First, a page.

• Only after that should you turn the affected Mac or PC completely off:
    • Don't just put it to sleep. Shut it down completely. Force it to shut down if you must.
    • Do not use it until the breach has been resolved to your satisfaction.
  • Using a different device, contact Apple, or Microsoft, as appropriate, or the applicable legitimate providers of the affected devices and services.
    • Use the contact information provided on their own secure web pages.

      Most of the links returned by popular search engine results are for even more scams.

    • You may need Apple's help if you think your Apple ID has been compromised.
    • You might need to pay Apple to help you recover. Then again you might not. If you do, it's well worth the $29 they will charge.
  • Contact your bank or credit card issuers and inform them of the breach:

    You might need to cancel your credit or debit card or freeze your bank account, depending on if or how you paid.

  • If you have a Mac and use Time Machine: confirm your Mac remains disconnected from the Internet, boot macOS Recovery, and restore its content from a Time Machine backup preceding the intrusive event. To learn how to do that read How to use Time Machine to back up or restore your Mac - Apple Support.

    If you don't use Time Machine, start using it. It's already incorporated in macOS.

  • If you have no backup from which you can completely restore your Mac or PC to a state prior to the intrusive event, you should probably settle for nothing less than completely erasing it and rebuilding it from the ground up—by installing its operating system and software from original sources known to be reliable.
    • There are no tools or products that can reliably confirm the total absence of malware. None. Don't bother looking for one.
    • Nothing like that exists because it is not logically possible to provide absolute assurance of the absence of all potentially malicious or intrusive software. There are only ways of determining their presence (and which could serve as a decoy for something more difficult to find or eradicate).
  • Consider using Apple's two-factor authentication for your Apple ID:
    • That slams the door on anyone attempting to use your Apple ID credentials from a device that is not also in your physical possession.
    • For services other than Apple's, consider using their functional equivalents.
  • Consider contacting an appropriate law enforcement agency:
    • They are not likely to be interested in a crime arising beyond their jurisdiction, but are likely to be interested in disseminating information toward preventing this type of criminal activity.
    • Links to the US FBI's Internet Crime Complaint Center can be found in the References section below.
  • Learn from your experience, and help others learn from it too:
    • Give this User Tip to your friends and family. Print it, post it on bulletin boards, shout it from the rooftops, whatever it takes to shut down the bad guys.
    • Education is the only effective defense against these and other scams.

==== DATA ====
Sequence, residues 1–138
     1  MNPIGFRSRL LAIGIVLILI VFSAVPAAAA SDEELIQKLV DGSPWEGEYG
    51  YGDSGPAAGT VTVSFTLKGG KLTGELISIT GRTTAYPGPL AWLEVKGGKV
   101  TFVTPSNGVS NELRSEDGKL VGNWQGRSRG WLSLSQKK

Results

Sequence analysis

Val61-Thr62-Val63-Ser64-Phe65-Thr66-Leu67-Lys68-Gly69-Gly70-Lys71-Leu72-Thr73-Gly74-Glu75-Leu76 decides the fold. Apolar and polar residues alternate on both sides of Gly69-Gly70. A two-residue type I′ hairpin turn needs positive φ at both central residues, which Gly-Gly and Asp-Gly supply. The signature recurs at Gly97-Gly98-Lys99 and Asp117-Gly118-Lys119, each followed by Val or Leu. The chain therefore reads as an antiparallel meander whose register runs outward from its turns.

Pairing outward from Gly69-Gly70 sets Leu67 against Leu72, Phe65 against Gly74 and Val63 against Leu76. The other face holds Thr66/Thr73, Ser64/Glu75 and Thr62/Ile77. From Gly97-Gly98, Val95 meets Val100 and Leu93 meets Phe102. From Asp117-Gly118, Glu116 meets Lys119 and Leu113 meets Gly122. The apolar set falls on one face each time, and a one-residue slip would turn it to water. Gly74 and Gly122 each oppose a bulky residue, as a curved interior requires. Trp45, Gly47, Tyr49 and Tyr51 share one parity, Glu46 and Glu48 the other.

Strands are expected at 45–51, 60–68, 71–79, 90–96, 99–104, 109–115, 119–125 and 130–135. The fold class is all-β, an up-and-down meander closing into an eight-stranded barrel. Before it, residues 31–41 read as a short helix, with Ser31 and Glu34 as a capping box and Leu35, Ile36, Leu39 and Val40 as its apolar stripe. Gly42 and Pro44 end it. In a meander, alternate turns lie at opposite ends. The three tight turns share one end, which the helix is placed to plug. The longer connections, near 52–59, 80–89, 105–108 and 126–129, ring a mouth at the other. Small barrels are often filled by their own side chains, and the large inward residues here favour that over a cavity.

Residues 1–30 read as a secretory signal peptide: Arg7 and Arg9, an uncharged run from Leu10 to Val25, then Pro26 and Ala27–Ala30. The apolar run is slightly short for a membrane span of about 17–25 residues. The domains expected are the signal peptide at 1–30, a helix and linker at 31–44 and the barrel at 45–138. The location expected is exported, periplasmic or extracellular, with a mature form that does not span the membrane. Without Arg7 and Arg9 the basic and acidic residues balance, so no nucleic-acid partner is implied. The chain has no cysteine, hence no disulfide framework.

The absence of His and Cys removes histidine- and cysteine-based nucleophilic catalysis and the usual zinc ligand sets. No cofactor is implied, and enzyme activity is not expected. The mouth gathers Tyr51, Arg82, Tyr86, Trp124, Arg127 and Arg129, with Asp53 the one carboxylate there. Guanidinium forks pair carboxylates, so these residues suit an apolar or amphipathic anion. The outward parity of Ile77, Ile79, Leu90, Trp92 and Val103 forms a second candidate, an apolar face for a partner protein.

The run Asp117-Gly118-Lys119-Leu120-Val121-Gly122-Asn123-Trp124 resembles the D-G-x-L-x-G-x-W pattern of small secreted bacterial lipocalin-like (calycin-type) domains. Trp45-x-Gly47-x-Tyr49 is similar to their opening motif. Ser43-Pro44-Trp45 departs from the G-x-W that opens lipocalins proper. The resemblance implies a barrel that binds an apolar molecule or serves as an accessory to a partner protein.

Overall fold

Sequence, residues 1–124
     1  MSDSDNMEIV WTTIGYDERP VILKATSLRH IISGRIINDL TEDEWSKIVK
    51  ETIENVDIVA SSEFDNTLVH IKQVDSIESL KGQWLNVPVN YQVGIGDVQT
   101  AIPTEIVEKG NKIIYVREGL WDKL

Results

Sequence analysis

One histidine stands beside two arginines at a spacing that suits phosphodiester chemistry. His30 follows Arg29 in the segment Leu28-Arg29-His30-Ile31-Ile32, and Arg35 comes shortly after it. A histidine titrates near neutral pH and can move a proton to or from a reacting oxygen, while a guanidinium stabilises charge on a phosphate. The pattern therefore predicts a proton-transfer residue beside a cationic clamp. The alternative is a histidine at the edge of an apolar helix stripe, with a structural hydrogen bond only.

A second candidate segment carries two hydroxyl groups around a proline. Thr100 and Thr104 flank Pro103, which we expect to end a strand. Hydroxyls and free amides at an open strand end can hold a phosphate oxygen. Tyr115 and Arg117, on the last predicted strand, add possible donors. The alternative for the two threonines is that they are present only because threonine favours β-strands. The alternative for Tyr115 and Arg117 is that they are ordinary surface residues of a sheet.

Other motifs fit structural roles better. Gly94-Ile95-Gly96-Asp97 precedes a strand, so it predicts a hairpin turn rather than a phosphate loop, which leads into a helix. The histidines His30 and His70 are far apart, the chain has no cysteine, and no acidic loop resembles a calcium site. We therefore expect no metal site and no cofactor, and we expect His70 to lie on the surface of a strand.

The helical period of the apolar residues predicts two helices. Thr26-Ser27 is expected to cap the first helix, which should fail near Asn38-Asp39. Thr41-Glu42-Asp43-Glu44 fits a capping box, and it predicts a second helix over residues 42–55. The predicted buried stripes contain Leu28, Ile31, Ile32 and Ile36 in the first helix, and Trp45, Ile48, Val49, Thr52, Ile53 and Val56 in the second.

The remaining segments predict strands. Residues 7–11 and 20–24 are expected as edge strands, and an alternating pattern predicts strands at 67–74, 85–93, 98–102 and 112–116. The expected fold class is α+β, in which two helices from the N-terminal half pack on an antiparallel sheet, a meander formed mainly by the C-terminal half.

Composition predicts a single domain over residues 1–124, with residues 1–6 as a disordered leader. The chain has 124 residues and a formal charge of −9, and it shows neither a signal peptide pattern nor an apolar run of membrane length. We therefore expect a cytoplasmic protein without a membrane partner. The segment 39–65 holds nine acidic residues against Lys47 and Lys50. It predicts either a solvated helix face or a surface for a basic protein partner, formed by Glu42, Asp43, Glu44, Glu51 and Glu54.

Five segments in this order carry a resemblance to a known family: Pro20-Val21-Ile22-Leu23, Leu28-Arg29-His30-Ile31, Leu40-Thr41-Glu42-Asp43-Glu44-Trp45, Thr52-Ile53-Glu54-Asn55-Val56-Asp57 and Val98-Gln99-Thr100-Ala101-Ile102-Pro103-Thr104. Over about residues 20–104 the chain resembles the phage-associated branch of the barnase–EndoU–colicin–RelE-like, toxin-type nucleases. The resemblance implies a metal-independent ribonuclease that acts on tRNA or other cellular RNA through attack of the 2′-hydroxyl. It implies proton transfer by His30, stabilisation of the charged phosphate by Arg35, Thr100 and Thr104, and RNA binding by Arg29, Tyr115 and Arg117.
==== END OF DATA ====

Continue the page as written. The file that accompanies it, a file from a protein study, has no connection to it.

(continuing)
References and other resources:

FBI statement:

FTC statement:

IRS statement:



Related articles: How to install adware


Jun 16, 2016 9:51 AM

Another good idea is on the Mac is to create a simple HTML file with the content:

<HTML><HEAD><TITLE>This is a default homepage</TITLE></HEAD>

<BODY>This is a default homepage</BODY></HTML>

TextEdit or Textwrangler are good at making such documents. In TextEdit, be sure to select File menu -> Save As.

This will give you the option to save it as an HTML document. That document can then be dragged on Safari's icon in the Dock or the Applications folder, and instead of opening the last page, it will open the text document. You do have to be quick to close all other windows that might open by Option clicking the close window as soon as Safari opens. What it does is delay the launching of the malware site long enough that you can prevent it from opening the first place.

Jun 16, 2016 9:51 AM

Dec 18, 2018 8:18 PM

Also make sure to turn off bluetooth. Some people use Bluetooth for internet access.

Dec 18, 2018 8:18 PM

Jan 18, 2019 9:06 AM

Thank you for your comments a brody. I intend to incorporate them but the site update imposed limitations on formatting and wreaks havoc on editing. Most existing content including Discussions and User Tips suffered those effects. Apple warned us about that, so I postponed updating some things as they continue to improve ASC. Of course it's taken longer than expected. What doesn't.

I value your comments and don't want you to assume I'm ignoring you. Far from it.

Jan 18, 2019 9:06 AM

Oct 25, 2021 3:30 AM

The shift key when launching a web browser typically gives you the opportunity to force a browser not to load the last page. When you do so, it effectively allows you to launch it in a "safe" mode.

Oct 25, 2021 3:30 AM

Oct 25, 2021 3:31 AM

This tip needs a copy in every forum dealing with iPad, iPhone, and Mac model, Windows, and Mac OS, and Using Apple Support Communities tip forum. The reason is scams can happen anywhere.

Oct 25, 2021 3:31 AM